As readers may be aware, the “Eichleay” formula is a method for calculating a daily rate of “unabsorbed” home office overhead resulting from an owner caused delay. Public and private owners have contested the use of the Eichleay formula for years. This article is the first in a series which discusses the Eichleay formula and recent cases contesting its use.
Although formula recoveries of home office overhead had been utilized before, the Eichleay formula was established in a 1960 Armed Services Board of Contract Appeals case. In the case, the government had delayed Eichleay causing its work force to be idle. The board explained that:
It must be borne in mind that overhead costs, including the main office, or home office, expenses involved in this case, cannot ordinarily be charged to a particular contract. They represent the cost of general facilities and administration necessary to the performance of all contracts. It is therefore necessary to allocate them to specific contracts on some fair basis of proration.
The Eichleay formula consists of three steps:
1. Contract billings / Total billings for contract period x Total overhead for contract period = Overhead allocable to the contract.
2. Allocable overhead / Days of performance = Daily contract overhead.
3. Daily contract overhead x No. days delay = Amount claimed.
The Federal Circuit has expressly endorsed the use of the Eichleay formula for calculating unabsorbed indirect costs in spite of the federal government’s strong arguments to discontinue its use entirely and has even gone so far as to explicitly hold that the Eichleay formula is the only acceptable method for calculating these costs. Contractors also have successfully used the Eichleay formula in cases involving private owners or state and local governments.
Although the Eichleay formula is well established, a contractor’s entitlement to recovery of the unabsorbed indirect costs remains an area of contention. Over the past several years, owners have contested entitlement to a recovery based on the formula in several cases. Courts in those cases have given somewhat of a roadmap for recovery.
Elements of entitlement
Assuming an owner caused delay, the test used by the courts has contained only two elements: (1) that the contractor was on “standby;” and (2) that the contractor was unable to take on other work.
Contractor on standby
Standby is an indefinite delay that results from the owner’s action or failure to act. It typically does not cover strategies where the time of performance was extended solely because of extra work. “The proper standby test focuses on the delay or suspension of contract performance for an uncertain duration, during which a contractor is required to remain ready to perform.” In a recent case, the court found that the contractor was able to continue working on non-critical phases of the project while waiting for instructions.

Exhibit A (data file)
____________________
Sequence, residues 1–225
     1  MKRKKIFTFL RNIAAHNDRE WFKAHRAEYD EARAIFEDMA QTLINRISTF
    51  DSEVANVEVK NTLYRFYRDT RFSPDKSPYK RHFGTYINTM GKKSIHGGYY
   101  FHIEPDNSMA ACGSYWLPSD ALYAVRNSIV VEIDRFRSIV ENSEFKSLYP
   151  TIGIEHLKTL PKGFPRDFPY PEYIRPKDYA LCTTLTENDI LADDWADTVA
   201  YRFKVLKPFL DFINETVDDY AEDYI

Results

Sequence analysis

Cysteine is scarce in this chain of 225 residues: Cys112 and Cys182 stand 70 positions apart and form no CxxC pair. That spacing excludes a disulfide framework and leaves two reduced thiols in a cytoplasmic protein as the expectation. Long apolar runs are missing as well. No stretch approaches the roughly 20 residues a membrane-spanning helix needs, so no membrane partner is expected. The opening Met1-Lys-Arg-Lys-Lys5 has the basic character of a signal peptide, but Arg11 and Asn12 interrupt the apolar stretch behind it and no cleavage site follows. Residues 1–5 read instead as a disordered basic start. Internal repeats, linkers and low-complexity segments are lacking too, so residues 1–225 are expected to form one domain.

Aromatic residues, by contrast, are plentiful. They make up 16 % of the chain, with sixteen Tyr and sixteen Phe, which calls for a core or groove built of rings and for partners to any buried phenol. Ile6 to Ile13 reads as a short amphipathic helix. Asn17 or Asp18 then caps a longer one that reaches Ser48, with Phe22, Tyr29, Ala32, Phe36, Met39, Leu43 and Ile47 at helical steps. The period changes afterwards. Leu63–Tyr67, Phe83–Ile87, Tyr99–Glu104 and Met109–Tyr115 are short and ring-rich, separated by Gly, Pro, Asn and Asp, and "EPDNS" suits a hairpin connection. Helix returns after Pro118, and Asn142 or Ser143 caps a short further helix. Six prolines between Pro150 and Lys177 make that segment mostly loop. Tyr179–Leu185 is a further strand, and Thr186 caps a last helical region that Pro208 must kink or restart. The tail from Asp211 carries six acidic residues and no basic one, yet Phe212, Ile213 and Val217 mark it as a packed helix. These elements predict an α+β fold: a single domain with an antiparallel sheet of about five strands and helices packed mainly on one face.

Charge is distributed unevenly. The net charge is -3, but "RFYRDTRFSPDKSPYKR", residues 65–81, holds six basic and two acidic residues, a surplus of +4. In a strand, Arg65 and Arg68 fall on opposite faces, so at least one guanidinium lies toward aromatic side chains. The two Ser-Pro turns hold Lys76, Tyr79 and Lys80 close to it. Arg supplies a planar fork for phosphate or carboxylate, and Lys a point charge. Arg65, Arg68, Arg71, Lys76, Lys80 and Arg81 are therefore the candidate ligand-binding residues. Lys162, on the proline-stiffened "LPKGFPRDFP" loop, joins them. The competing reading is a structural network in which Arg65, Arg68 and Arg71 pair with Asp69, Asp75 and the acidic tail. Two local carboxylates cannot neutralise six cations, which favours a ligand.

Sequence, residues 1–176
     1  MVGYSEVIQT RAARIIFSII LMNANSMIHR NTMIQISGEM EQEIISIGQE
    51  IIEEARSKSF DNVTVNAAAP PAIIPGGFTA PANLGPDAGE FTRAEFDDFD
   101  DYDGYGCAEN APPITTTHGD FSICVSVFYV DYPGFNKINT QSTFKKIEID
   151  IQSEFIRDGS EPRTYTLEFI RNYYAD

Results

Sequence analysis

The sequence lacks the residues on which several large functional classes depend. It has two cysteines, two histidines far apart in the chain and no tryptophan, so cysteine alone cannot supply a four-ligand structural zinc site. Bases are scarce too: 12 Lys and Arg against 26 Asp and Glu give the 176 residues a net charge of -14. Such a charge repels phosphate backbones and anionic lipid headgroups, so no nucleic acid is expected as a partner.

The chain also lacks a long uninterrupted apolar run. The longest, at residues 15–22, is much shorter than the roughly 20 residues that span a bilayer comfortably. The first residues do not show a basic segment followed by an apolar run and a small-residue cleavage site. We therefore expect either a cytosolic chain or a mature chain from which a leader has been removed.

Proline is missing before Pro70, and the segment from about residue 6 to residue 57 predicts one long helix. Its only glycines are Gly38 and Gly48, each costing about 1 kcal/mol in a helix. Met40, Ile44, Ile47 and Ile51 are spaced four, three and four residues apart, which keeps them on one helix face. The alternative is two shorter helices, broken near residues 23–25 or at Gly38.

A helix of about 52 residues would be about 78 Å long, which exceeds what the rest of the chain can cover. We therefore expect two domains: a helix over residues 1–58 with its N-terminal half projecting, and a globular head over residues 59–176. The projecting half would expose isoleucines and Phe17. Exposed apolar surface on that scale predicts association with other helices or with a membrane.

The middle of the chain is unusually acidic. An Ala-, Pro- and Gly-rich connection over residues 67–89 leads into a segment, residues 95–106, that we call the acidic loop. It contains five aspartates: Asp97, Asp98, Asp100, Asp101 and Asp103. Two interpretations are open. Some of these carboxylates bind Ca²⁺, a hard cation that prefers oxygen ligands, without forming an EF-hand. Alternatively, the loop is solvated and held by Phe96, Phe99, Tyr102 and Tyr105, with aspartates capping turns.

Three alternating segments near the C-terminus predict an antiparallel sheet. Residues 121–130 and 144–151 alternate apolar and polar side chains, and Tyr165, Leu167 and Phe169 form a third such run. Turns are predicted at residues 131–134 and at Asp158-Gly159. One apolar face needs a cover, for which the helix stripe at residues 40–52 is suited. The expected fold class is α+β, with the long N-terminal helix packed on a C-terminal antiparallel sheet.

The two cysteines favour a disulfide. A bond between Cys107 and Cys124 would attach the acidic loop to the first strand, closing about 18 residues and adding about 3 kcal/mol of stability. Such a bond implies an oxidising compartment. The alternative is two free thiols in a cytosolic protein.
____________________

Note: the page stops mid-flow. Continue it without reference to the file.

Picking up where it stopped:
Because there was no additional work, this resulted in spreading the same income over a period that was three months longer than originally expected. The court recognized that even though some work was ongoing, an extended project may result in reduced income just like a suspended project and stated that “[t]here is no requirement that a project be suspended before a contractor is entitled to recover under Eichleay.” The court rejected the contention that Eichleay can only be used for “pure delays” and cannot be applied to extended projects.
The element of uncertainty also can play a big part in justifying the contractor’s inability to obtain replacement work during the delay. If the length of the delay is uncertain, a contractor cannot judge if it can safely bid and obtain replacement work. This second prong has been the focus of many government challenges in recent years.
An important step in the Eichleay development occurred in 1995 when the Federal Circuit Court recognized the existence of the prima facie case. In Mech-Con Corp. v. West, 61 F.3d 883 (Fed. Cir. 1995), the court recognized that due to the impracticality of a contractor making reductions in home office staff or taking on additional work when placed on indefinite standby, the burden of proof should shift to the government to show that the contractor had, or could have, avoided all loss by reducing its overhead or taking on replacement work. It is interesting to note that Mech-Con was considered to have been on standby even though it took more than three months for it to mobilize after given the notice to proceed. The government was unable to rebut Mech-Con’s prima facie case with this fact alone. The court did not allow recovery for overhead during the period of re-mobilization, however.
In my column next month I will discuss the two most recent federal circuit cases involving the recovery under the Eichleay formula.